Mayo: I ain’t gonna quit!
Foley: You can forget it, you’re out!
Mayo: Don’t you do it – don’t! . . . . I got nowhere else to go!
So here’s the corollary to horse training: if we start out at the highest level of pressure, and the horse doesn’t respond the way we want him to . . .
. . . . we got nowhere else to go!
The Reason Might Surprise You
A lively discussion on my online training group evolved recently over the different ways we lead our horses. Some people lead their horses at the shoulder, others lead their horse behind them. We all have our own valid reasons for doing things a certain way.
“I was always taught that you have more control over the horse if you are leading him beside you.”
“I don’t like to lead my horse next to me. If something spooks him, he could jump sideways and knock me over.“
"In the wild, horses follow behind each other, it is their natural way of going.”
“I don’t like to lead my horse behind me. If something spooks him, he could jump forward and run me over.”
“My horse needs to lead at the shoulder because I show him in hand, and those are the rules for the class.”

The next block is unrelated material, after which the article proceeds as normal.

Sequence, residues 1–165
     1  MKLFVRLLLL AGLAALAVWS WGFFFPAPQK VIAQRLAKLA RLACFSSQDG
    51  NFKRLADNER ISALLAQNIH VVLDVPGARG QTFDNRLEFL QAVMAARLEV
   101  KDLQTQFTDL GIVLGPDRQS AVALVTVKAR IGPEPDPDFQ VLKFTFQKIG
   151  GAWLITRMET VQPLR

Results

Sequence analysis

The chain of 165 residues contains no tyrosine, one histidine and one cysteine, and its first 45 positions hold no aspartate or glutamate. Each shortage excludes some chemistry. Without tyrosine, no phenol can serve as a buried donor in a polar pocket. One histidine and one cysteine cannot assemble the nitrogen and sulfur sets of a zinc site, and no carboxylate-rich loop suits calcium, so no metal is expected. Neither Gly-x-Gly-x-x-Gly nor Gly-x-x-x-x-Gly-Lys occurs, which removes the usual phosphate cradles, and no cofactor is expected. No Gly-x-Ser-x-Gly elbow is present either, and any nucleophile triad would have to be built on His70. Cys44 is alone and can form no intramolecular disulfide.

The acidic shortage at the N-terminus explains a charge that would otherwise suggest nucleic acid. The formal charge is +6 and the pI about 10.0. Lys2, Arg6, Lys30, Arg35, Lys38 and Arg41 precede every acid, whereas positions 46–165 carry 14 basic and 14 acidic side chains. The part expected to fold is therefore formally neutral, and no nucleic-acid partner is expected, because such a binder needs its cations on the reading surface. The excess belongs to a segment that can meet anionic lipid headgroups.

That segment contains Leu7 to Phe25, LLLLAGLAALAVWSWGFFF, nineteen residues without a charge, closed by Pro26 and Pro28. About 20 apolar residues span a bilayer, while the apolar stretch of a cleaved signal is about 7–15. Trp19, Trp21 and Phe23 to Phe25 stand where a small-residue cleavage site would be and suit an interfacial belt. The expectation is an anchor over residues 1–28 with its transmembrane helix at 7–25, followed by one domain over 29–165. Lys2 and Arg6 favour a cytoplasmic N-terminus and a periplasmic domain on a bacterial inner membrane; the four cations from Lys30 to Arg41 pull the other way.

“If your horse respects your personal space, it doesn’t matter where you lead, because he is not going to run you over no matter what happens.”
The truth is, there is no absolute right or wrong for this issue. However, I lead my horses behind me, and it has nothing to do with control, safety or tradition.
(Click on Read More to continue)
Photograph courtesy of Billie Fitzharris
Tips for Helping Your Body Learn Body Language
Are you new to doing groundwork and thinking "I am such a klutz - I will never get the hang of this!" Well I am a founding member of the Klutz Klub.
Look at this photo of me and Ava when I was first learning how to do groundwork. It's embarrassing - she is running me over, I am facing the wrong way, I was constantly getting the rope tangled around my arms and legs.
“The ball is not going to go anywhere until we hit it.”
~ Nancy Lopez, pro golfer, winner of multiple championships.
So how the heck does hitting a golf ball compare to training and riding horses? Well, both require that just about every part of your body - head, shoulders, arms, hands, hips, feet - work smoothly together to achieve a specific result, and it can be frustrating when we don't get that result.
What Nancy is saying is that while we are swinging the club to hit the ball, we shouldn’t be thinking about what is going to happen to the ball AFTER we hit it. Is the ball going to land in the fairway, what about that sand trap, that pond? Will I lose the ball in the bushes, will the other players make fun of me?